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Re: IUPAC/InChI-Trust Licence DFSG-Compliant ?

On Mon, 26 Feb 2018 16:53:12 +0100 Alex Mestiashvili wrote:

> On 02/26/2018 03:50 PM, Walter Landry wrote:
> > It looks a like the LGPL-2.  In any event, this license is fine as is.
> > If anyone wants to make modifications that are not allowed by the
> > existing text, then they can modify it under GPL-2+ terms.  There are
> > other examples in the archive of this (e.g. CECILL).
> > 
> > Cheers,
> > Walter Landry
> > 
> I see. Now I also found this license (thanks to codesearch.debian.net)
> in openbabel package as LGPL-2.1 compatible.


This "IUPAC/InChI-Trust InChI Licence No. 1.0" appears to have been
created starting from the GNU LGPL v2.1, by the following steps:

 0) remove the preamble

 1) change the license name

 2) use the British spelling for the word "license" (that is to say,

 3) add the definition of "IUPAC"

 4) add one explicit clarification to clause 2c, which states that
    the requirement does not extend to any "work that uses the Library"

 5) drop some reasoning about executable binaries as derivative works in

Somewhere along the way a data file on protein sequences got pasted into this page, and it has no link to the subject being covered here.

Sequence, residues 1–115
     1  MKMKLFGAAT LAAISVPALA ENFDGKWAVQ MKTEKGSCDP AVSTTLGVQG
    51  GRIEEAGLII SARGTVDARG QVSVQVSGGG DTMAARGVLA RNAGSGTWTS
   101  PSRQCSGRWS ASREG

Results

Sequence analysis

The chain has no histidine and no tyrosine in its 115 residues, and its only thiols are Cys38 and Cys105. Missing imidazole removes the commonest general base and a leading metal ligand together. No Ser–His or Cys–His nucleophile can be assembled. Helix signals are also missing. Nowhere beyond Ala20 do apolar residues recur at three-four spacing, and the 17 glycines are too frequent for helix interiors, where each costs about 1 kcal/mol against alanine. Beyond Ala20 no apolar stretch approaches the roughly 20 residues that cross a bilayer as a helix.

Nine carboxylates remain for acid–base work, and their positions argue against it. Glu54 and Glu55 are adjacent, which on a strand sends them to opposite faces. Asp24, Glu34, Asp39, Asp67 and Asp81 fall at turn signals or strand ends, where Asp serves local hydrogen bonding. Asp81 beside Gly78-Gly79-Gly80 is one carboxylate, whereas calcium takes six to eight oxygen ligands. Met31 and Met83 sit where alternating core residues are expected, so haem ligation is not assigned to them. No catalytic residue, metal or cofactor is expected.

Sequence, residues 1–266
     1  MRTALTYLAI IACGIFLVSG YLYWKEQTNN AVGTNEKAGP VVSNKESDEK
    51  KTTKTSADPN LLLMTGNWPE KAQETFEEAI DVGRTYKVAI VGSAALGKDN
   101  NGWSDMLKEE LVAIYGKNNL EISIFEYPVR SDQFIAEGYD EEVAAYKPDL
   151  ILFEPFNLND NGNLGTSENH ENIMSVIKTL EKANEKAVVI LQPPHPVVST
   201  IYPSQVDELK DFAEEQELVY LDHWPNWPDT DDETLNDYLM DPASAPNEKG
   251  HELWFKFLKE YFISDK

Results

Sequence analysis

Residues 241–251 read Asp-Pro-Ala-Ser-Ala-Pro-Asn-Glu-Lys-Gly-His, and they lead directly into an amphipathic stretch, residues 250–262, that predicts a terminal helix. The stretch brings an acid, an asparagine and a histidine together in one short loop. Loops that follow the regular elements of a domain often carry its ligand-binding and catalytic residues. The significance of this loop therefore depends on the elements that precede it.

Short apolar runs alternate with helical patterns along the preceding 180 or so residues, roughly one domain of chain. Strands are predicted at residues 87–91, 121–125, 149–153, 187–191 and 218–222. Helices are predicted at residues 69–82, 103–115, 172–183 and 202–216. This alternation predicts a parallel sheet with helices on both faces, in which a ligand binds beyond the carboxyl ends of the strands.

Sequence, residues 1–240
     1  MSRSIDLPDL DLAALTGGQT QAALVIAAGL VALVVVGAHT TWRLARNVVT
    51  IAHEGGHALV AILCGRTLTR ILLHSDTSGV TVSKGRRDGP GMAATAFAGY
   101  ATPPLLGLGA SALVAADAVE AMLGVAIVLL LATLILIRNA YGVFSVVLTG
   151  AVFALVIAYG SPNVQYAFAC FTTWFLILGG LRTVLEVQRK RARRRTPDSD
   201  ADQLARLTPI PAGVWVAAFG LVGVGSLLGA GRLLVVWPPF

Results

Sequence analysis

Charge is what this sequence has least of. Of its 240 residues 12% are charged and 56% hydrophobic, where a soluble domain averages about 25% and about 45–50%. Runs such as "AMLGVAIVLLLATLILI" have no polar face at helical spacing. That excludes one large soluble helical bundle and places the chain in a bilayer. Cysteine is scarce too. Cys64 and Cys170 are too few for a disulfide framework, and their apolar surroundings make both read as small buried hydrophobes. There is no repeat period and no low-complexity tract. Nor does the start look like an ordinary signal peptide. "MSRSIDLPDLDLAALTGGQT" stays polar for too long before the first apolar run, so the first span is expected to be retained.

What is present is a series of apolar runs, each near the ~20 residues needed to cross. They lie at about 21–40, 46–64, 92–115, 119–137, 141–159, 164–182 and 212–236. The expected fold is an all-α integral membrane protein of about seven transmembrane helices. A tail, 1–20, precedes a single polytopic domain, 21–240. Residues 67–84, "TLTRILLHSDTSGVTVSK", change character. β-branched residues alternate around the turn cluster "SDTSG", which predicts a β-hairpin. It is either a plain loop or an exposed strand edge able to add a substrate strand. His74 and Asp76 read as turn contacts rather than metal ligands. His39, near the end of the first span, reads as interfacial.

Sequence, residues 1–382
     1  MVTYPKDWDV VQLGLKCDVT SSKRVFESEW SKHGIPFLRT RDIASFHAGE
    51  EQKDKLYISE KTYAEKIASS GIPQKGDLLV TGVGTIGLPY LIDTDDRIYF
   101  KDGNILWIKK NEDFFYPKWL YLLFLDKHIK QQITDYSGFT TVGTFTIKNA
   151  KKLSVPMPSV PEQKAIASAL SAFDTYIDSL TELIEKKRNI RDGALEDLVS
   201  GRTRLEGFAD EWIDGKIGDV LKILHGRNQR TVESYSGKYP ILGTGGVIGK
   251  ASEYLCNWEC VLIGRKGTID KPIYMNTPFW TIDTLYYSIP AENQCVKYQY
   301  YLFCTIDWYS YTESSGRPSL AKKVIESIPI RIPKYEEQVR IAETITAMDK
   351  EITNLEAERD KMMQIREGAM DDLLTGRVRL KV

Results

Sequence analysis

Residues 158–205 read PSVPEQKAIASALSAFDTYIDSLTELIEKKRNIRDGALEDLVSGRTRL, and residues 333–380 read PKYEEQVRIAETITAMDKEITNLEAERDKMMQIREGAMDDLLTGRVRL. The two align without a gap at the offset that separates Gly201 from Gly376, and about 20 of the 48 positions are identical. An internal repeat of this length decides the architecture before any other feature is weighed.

section 5
 6) relax some requirements on distribution of "works that use the
    Library" in section 6
 7) add a new section 15 which includes a non-free restriction
    on how you can refer to the output of a modified library:

| 15. If you modify the Library in any way whatsoever, the output from
| any such modified Library may not be referred to as 'InChI' or any
| similar name.  Any attempt to refer to such output as 'InChI' will
| automatically terminate your rights under this Licence.
 8) rephrase the instructions for use of the license

I think this license contributes to the (bad) license proliferation
festival that we sadly continue to witness.
In my own personal opinion, it includes at least one non-free
restriction (in its section 15), but, luckily, is one-way convertible
to the GNU GPL version 2 or later.
Hence, I think that a work solely licensed under the terms of this
"IUPAC/InChI-Trust InChI Licence No. 1.0" complies or may be made to
comply with the DFSG.
But we have to remember that such a work can be considered as DFSG-free
only as long as it is not linked with GPL-incompatible works!

I am not sure which is the usual practice in Debian for cases like this:
should the conversion-to-GPL be explicitly performed while packaging the
work and the original license just mentioned in the debian/copyright
file for completeness' sake?
or should the work be left as-is (with the original license in the
debian/copyright file), thus relying on the possibility to apply the GPL
whenever the need arises?

What do other debian-legal regulars think?

 There's not a second to spare! To the laboratory!
..................................................... Francesco Poli .
 GnuPG key fpr == CA01 1147 9CD2 EFDF FB82  3925 3E1C 27E1 1F69 BFFE

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